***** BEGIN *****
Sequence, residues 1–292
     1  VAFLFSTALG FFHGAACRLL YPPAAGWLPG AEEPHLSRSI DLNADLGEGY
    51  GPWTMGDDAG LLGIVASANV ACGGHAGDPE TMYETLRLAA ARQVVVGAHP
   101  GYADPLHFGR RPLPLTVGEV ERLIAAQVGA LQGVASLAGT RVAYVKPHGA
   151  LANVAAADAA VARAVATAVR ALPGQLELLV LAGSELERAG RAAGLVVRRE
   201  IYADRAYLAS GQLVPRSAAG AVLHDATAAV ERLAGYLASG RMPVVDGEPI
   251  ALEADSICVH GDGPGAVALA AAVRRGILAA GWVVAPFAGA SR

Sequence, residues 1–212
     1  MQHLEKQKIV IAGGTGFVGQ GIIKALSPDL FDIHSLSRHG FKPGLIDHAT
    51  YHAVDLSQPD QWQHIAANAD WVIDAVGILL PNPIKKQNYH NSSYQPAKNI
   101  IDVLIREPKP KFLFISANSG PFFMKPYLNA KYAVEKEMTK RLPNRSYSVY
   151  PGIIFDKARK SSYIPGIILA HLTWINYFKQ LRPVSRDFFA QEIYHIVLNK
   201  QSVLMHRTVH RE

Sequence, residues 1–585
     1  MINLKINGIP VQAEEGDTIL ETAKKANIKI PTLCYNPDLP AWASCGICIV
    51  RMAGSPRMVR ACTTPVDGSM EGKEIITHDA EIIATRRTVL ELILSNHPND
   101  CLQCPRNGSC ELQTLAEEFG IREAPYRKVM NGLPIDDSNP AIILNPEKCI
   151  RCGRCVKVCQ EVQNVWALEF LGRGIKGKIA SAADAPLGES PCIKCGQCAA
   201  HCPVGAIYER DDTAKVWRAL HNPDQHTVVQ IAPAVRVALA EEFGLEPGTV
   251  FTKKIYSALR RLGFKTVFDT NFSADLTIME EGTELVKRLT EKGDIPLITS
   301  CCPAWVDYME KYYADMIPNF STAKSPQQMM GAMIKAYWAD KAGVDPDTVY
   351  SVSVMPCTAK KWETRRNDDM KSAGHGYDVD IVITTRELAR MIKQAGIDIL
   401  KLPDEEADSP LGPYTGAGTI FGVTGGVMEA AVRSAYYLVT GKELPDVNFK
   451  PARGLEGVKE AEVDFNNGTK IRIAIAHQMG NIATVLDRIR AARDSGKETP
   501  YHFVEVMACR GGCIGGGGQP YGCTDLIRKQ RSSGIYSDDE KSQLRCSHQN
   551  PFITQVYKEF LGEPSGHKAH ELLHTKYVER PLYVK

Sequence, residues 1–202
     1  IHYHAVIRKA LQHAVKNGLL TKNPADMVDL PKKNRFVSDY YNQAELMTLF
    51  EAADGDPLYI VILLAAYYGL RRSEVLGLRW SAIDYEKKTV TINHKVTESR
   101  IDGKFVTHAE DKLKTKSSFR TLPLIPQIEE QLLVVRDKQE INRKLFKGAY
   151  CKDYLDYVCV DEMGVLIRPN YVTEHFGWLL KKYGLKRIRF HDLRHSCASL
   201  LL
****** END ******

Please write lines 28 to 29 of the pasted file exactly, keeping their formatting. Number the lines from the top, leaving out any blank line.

     1  IHYHAVIRKA LQHAVKNGLL TKNPADMVDL PKKNRFVSDY YNQAELMTLF
    51  EAADGDPLYI VILLAAYYGL RRSEVLGLRW SAIDYEKKTV TINHKVTESR